At Corrachadh Mòr – the westernmost point on the British mainland – the wind is ceaseless. It tears at my jacket as I set up my tripod on ancient lava flows, frozen beneath pastel-blue skies and gilt-edged clouds. Before me, the Atlantic pounds the rocks and stretches out to a horizon marked, here and there, by the indistinct blur of distant squalls. When those squalls make landfall I shelter behind grey boulders, protecting my cameras from the stinging rain. From Corrachadh Mòr – an unmarked rocky hillock jutting into the sea – the distant Ardnamurchan Lighthouse and its access road are the sole signs of civilisation. More than anywhere else I’ve visited in Britain, this place feels like it’s at the edge of the world. It’s that remoteness that makes this visit so fundamental to my personal project, which will see me travel the length and breadth of Great Britain to photograph its four extreme points – northernmost, southernmost, easternmost and westernmost.
Wilderness, remoteness and solitude have always been key motivators in my travel photography and street photography. Looking over my portfolio I can see two types of solitude: there’s the kind I feel when I’m alone in a crowd or urban space, and the kind I feel here at Corrachadh Mòr – where I’m at least two hours away from the nearest person. My personal project focuses squarely on the second kind of solitude. In each location I will make a self-portrait showing me alone in the landscape, as well as a picture of the landscape itself. I hope this will yield eight very different photographs, while still reflecting on the factors that unite those locations.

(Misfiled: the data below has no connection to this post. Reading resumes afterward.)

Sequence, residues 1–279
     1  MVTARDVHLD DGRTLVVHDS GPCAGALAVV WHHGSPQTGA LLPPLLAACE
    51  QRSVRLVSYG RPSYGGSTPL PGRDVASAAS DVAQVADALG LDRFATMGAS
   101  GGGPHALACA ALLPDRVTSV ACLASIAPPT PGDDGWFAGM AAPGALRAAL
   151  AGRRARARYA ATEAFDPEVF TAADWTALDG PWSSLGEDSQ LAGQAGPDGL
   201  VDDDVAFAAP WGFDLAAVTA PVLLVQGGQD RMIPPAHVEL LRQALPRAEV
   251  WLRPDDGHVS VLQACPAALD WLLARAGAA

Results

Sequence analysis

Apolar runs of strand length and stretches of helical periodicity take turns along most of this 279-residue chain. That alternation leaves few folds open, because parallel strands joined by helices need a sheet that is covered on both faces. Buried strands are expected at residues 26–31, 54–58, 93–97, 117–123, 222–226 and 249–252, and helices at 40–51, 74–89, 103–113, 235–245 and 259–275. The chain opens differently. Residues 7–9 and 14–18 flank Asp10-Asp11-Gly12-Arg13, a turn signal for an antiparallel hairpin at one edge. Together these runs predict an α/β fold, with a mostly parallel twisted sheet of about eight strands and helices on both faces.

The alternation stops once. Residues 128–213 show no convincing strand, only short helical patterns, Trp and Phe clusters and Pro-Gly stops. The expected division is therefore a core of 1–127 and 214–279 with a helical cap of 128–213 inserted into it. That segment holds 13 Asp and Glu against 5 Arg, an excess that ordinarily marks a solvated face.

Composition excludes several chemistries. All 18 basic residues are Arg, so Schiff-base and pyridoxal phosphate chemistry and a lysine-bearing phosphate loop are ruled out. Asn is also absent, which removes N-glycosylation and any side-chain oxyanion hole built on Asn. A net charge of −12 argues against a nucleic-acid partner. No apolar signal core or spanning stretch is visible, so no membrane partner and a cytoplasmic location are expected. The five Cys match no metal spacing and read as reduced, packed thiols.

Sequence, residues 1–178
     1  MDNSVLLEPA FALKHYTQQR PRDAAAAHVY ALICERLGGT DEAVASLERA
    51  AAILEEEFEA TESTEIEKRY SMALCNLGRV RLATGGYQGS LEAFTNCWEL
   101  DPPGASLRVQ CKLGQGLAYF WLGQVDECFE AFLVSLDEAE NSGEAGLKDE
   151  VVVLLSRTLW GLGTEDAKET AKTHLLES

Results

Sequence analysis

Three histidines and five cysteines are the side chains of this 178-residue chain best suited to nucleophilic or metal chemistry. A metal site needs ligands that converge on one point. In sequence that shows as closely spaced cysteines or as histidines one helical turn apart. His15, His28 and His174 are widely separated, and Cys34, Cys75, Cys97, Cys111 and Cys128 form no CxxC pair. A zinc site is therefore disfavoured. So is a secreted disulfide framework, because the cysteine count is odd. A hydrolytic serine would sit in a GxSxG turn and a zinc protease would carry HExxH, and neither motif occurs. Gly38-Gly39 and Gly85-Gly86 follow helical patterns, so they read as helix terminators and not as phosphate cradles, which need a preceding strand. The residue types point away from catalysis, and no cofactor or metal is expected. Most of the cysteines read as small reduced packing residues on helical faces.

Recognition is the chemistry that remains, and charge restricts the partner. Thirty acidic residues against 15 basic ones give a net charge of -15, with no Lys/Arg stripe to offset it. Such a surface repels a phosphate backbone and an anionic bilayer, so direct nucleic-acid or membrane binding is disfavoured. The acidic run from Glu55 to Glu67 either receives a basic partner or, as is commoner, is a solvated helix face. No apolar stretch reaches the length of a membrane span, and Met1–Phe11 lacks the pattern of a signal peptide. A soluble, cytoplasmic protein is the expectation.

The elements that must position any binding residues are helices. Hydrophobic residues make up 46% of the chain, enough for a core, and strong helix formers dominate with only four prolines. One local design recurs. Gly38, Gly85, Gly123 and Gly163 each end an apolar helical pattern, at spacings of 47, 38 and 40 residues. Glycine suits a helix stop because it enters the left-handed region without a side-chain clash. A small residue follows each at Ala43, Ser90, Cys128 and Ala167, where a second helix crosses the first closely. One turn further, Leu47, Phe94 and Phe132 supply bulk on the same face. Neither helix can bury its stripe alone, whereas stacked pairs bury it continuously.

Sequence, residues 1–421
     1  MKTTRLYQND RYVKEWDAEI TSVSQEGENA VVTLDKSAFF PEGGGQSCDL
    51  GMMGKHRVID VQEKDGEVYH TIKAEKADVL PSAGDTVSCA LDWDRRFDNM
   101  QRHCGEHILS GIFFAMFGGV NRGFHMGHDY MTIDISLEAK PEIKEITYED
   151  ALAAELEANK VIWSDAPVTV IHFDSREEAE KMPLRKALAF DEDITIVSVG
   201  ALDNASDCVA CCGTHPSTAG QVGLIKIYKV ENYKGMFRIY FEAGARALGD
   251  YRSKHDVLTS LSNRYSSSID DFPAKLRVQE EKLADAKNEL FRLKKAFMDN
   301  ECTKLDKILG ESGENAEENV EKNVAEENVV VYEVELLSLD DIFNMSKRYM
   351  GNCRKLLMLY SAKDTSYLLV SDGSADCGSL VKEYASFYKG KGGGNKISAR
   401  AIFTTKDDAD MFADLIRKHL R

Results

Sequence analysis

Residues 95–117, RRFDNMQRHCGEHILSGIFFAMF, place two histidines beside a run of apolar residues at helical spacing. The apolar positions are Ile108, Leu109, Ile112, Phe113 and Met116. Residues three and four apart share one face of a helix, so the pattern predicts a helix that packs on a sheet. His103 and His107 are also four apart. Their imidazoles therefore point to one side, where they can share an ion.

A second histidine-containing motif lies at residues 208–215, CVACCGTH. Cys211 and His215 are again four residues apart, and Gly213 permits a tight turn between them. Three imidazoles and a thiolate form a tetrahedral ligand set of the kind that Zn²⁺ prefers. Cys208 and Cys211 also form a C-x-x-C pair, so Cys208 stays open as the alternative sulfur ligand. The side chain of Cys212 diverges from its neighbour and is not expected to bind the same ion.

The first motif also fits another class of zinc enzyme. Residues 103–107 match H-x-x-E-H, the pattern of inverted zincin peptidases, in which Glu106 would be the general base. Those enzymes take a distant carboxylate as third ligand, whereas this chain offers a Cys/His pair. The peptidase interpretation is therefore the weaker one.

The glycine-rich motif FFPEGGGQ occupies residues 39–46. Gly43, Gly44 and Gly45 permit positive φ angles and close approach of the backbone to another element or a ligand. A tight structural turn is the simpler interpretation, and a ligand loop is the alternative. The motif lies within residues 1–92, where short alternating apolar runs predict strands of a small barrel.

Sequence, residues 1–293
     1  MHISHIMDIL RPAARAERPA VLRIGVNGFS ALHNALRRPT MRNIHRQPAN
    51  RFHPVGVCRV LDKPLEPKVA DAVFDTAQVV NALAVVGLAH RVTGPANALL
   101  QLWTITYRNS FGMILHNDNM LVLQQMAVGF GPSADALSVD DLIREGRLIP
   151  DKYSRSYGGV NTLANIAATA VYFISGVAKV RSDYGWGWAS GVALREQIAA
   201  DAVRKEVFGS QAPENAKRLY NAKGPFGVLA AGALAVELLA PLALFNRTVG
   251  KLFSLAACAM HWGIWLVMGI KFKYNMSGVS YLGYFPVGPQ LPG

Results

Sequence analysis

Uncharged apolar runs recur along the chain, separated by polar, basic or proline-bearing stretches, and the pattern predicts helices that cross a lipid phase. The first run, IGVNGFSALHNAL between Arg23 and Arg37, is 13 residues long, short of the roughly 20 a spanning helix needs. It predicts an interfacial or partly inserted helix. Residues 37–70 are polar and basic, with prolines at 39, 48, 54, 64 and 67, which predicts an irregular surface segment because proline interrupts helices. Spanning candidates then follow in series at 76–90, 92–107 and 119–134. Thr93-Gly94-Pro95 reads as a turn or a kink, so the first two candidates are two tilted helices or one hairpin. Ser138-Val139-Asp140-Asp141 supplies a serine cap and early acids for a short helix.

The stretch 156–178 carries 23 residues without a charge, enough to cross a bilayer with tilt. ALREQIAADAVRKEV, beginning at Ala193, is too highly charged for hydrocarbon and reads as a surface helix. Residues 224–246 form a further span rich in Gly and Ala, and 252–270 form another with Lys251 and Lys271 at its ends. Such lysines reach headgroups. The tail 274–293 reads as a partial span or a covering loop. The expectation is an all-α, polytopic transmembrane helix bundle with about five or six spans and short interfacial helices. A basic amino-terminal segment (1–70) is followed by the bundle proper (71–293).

So, what of the other three places? The southernmost spot, Lizard Point (in Cornwall) is a tourist beacon, with cream teas available at two cafés just five minutes away. Dunnet Head – another windswept Scottish promontory, and Great Britain’s northernmost point – is remoter, but still so laden with tourists when I visit it’s hard to find a moment to capture the solitary selfie (more on that in another post). Lowestoft Ness, the easternmost point, is in a Suffolk seaside town, so I expect an early start to catch good light and loneliness.
Those three places are special by dint of geography, and it’s right that people are able to visit and share the beauty – I hope to share the beauty with you too, here and through my project. But I can’t deny that Corrachadh Mòr is the place I most wanted to visit, largely because it’s devoid of tourism. It took me four hours to drive to Kilchoan from Glasgow; another hour to drive to Ardnamurchan Lighthouse; and then an hour-long trudge across bogs, burns, rocks and reeds to reach it. It is, in every sense, the remotest place I’ve visited in Britain – a fitting spot for a project about solitude.